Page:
Research Interests

From human organs to engineering tools that are used in aerospace and automotive sectors, 3D printing promises to open up novel and significant manufacturing methods. These methods and other potential benefits have led to accelerated investment in the validation of current 3D printing technologies and the rapid exploration of new concepts, such as lightweight structural components and multifunctional tissue scaffolds. The rapid growth and disruptive potential of 3D printing demand further research that addresses the fundamental principles of 3D printing and likewise enables engineers to realize its capabilities. We can use these capabilities to develop material systems that obtain some of their properties via their structural organization rather than their intrinsic constituents. I am interested in applying the fundamentals of engineering mechanics to investigate novel material systems (e.g., nature-inspired and mathematical systems) with qualitatively different mechanical behaviors but using the same material composition. If structural patterns with different length scales are combined in a hierarchical manner, mixed-mode mechanical responses, such as bending–stretching, are possible. Multiscale metamaterials with properties heretofore unseen in engineered materials can be created by the 3D printing of flexible inks. 


Advances in 3D printing and additive manufacturing have provided research opportunities that many researchers will explore in the coming years. Considering the widespread availability of advanced 3D printing techniques, the coming period is expected to be exciting for research on smart structures and metamaterials. The combinatorial approaches for merging 3D printing technologies with engineering mechanics will improve various tissue engineering applications from the perspective of metamaterials. In the context of bioengineering, these approaches allow the development of highly organized scaffolds that can add various capacities to biomimetic materials and point-of-care diagnostic systems. I believe my research will address novel directions of manufacturing engineering by working with government agencies and collaborators across various fields. Beyond the scientific impact of this work, I am trying to achieve a greater understanding of the process of interdisciplinary collaborations, which are necessary to address society’s problems.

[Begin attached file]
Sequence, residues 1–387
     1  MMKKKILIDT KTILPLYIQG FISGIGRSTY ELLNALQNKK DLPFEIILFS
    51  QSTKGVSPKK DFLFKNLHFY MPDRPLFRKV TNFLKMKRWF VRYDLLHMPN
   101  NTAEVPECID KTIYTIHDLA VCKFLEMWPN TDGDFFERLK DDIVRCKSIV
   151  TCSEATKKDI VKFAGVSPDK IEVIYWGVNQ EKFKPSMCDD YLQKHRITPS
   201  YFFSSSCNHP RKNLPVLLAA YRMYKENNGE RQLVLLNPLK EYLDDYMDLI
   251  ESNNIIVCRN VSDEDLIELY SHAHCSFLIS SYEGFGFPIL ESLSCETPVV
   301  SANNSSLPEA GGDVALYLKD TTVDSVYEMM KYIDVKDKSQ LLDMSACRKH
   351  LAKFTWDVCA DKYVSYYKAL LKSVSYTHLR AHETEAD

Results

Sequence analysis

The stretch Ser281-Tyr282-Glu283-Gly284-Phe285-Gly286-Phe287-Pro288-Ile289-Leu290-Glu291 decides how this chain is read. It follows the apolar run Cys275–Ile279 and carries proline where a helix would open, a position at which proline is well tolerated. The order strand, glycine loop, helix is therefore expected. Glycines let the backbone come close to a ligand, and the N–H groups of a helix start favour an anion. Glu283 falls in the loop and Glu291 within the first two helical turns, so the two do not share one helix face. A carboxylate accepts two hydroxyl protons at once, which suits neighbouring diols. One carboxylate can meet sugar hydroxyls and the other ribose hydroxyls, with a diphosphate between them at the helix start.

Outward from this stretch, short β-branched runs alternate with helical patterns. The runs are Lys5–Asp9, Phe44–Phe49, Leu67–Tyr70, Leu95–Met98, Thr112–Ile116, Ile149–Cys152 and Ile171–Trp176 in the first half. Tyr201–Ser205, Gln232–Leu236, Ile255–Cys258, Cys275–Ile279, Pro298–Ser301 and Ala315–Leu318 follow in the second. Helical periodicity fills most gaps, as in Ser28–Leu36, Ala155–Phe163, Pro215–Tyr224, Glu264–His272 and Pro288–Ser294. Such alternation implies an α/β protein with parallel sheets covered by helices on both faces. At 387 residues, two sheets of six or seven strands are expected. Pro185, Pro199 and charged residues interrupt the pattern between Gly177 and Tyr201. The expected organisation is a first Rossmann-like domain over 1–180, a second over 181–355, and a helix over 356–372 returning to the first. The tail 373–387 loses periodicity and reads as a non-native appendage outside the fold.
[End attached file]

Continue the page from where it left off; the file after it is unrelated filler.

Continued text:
logo Biofabrication Lab 
Department of Mechanical Engineering
Rowan University, Engineering Hall
Glassboro, NJ 08028         
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